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Articles / Preparing for College / The Pros and Cons of Registering for an AP Exam Without Taking the AP Course

The Pros and Cons of Registering for an AP Exam Without Taking the AP Course

Suchi Rudra
Written by Suchi Rudra | Oct. 25, 2019
The Pros and Cons of Registering for an AP Exam Without Taking the AP Course

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As most high school students know by now, the AP Exam registration is earlier this year than it has been in the past, requiring students to decide by November whether to take May AP tests. And many students are wondering whether they should register for an AP exam even if they haven't taken the associated AP course. This allows them to potentially get college credit (or placement) ahead of time, which can save time and money during the college years.

Here Are the Pros

If you get a low score, your target schools will never know. Guess what? If you get a low score on your AP exam, there's no need to send it into the schools.

You might already know the material. Taylor points out that some students "may have mastered content outside of the classroom. For instance, if a child grows up in a bilingual household, they may have been sufficiently exposed to a second language and not need the classroom support that other students do. In this situation, a student would be prepared for the AP test without the need for classroom instruction."

Many resources exist for independent study. In case you can't fit the AP course into your schedule or your school doesn't offer it, there are actually a lot of resources for you to go through the AP exam material on your own – as long as you can make time for it:

The College Board posts questions from previous exams, previous full length exams, sample student responses and scoring guidelines for past exam questions. Every AP course has an "AP Course and Exam Description" booklet that includes AP practice questions for all sections of the exam. If you're not taking the class, ask your AP coordinator at school for help signing up to access the College Board AP resources for "exam-only" students.

You can also find free exams simply by searching online for the name of the exam with the keywords "previously released materials College Board." Khan Academy, for example, provides free videos, articles and practice exercises for many AP courses.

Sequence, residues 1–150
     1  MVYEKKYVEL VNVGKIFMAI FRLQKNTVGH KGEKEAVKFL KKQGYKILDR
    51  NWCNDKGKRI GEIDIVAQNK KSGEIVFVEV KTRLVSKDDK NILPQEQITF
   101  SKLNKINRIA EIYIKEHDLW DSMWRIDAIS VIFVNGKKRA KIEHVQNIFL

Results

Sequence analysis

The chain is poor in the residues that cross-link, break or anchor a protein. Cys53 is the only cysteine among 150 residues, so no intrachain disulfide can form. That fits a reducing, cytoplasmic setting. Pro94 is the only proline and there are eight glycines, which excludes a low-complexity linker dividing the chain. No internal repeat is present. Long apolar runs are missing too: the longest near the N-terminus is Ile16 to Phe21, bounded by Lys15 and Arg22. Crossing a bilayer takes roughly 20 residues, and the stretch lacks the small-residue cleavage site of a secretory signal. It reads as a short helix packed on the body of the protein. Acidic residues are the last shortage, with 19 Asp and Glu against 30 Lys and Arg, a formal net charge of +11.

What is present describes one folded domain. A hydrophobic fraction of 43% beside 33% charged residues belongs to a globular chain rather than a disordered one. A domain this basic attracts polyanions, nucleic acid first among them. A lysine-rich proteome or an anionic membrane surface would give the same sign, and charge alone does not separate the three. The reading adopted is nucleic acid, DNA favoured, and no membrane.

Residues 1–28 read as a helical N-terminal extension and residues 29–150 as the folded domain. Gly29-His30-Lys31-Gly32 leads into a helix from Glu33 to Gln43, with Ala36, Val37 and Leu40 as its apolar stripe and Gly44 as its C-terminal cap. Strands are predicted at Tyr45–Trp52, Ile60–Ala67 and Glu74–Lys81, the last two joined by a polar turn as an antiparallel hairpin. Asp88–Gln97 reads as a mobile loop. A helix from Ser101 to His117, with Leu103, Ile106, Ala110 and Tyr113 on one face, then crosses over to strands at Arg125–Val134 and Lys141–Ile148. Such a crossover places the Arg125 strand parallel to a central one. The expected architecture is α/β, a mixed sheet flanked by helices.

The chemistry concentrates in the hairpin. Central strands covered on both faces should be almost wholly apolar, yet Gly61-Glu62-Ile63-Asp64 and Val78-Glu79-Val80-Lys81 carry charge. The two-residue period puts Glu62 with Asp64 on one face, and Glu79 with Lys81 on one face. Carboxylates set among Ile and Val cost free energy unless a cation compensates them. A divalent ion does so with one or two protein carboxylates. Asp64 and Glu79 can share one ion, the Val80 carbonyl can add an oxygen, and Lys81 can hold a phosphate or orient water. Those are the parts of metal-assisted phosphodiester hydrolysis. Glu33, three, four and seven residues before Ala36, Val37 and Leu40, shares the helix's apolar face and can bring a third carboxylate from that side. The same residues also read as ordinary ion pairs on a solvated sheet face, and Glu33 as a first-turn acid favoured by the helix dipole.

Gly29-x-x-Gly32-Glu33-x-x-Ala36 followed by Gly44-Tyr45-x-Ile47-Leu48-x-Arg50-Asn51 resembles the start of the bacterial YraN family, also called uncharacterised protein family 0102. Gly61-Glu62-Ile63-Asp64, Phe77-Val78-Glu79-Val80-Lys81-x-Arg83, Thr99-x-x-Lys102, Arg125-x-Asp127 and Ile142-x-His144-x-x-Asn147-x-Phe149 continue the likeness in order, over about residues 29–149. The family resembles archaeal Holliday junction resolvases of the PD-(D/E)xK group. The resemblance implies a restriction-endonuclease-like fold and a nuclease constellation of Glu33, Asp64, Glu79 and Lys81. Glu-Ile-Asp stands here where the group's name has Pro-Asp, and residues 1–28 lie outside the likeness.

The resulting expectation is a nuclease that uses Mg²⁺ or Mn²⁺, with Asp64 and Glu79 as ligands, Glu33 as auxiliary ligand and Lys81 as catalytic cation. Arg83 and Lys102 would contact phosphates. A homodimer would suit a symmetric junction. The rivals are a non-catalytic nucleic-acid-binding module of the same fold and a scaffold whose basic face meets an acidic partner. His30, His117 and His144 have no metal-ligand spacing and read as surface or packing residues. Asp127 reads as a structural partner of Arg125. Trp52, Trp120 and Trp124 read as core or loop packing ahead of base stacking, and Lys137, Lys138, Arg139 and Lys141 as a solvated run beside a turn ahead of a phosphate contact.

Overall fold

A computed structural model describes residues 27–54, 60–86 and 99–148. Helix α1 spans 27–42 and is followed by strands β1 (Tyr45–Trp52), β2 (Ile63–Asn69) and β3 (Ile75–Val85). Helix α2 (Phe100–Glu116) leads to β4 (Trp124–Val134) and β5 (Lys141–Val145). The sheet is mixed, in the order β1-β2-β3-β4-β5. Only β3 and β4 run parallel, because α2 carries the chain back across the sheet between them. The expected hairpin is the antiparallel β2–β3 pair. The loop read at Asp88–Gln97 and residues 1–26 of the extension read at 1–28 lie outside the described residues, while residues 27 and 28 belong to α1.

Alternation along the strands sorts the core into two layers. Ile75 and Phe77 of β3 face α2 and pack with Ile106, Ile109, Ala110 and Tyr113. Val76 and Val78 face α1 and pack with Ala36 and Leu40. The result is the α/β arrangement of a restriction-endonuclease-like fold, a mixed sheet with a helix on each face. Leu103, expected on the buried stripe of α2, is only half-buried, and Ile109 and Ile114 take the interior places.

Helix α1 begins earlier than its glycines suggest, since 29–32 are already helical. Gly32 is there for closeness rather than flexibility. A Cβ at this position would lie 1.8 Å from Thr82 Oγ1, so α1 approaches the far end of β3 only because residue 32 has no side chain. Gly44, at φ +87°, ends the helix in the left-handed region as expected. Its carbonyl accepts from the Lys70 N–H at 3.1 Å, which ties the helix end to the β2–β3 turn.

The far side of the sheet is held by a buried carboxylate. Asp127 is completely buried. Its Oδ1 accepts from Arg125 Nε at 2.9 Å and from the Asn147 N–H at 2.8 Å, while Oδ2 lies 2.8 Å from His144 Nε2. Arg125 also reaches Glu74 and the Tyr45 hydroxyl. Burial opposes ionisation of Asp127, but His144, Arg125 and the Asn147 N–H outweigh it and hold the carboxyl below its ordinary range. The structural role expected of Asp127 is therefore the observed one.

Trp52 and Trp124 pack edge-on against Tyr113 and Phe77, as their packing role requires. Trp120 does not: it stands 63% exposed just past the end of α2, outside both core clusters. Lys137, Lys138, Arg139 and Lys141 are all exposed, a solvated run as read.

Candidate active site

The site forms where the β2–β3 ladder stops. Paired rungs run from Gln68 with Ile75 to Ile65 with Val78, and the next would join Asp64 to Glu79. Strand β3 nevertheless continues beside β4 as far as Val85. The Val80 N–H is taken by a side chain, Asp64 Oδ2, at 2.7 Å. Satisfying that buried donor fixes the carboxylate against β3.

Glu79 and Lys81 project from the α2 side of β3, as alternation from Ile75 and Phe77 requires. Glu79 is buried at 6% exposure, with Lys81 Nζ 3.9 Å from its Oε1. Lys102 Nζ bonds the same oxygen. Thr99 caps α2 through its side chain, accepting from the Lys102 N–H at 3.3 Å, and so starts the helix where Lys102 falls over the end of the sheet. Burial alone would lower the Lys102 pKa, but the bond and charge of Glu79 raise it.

There are also many AP exam prep books you can buy to get ready for the tests. In addition, private tutors can be pricey, but Taylor thinks they may be worth the cost, as they will not only help you with the AP material but will also teach you some useful AP test-taking strategies.

Check out the Cons

It's a considerable financial and time investment. If you don't take the class, and you don't put in the time to sufficiently prepare, there's the risk of ending up with a lower score than required by your target school for placement or credit. That's $94 you'll never see again (although low-income students may qualify for a $37 discount). In addition, you'll spend a significant amount of time studying for the exams outside of class, whereas those who take the classes learn the material during the course.

If you cancel, there's a hefty fine. As the date approaches, you may realize that you haven't been able to prep adequately, or perhaps you have a major schedule conflict. If you decide to cancel the exam after you've already registered, you will have to pay a $40 fee.

Colleges can change their AP credit policies at any time. You registered and paid for your AP exam(s) and then a few months later, you discover that one or more of your target schools decides to no longer offer placement or credit for high AP exam scores. This can happen on occasion, so it's worth considering.

Written by

Suchi Rudra

Suchi Rudra

Several years as a private test prep tutor led Suchi Rudra to begin writing for education-focused publications. She enjoys sharing her test-taking tips with students in search of firsthand information that can help them improve their test scores. Her articles have appeared in the SparkNotes Test Prep Tutor blog, the Educational Testing Service.s Open Notes blog and NextStepU.

Suchi.s background helping students prepare for both the SAT and ACT gives her deep insight into what students need to know at every stage of the testing cycle. This allows her to craft articles that will resonate with both students and their families. As a freelance writer, Suchi's work has also been featured in The New York Times, BBC Travel, Slate, Fodor's and The Guardian, among other publications. She holds a journalism degree from Indiana University, loves to slow travel and hails from the Midwest.

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